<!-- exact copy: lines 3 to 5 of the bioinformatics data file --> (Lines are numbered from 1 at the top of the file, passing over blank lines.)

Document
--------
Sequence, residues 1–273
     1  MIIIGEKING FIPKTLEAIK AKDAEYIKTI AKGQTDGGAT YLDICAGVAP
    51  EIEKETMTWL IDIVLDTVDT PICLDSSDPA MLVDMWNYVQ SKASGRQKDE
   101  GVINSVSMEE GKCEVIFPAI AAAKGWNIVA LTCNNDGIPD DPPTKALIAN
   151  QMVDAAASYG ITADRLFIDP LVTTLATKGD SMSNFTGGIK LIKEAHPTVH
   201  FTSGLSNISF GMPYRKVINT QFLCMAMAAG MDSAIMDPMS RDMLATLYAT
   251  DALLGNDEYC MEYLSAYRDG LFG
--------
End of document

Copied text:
    51  EIEKETMTWL IDIVLDTVDT PICLDSSDPA MLVDMWNYVQ SKASGRQKDE
   101  GVINSVSMEE GKCEVIFPAI AAAKGWNIVA LTCNNDGIPD DPPTKALIAN
   151  QMVDAAASYG ITADRLFIDP LVTTLATKGD SMSNFTGGIK LIKEAHPTVH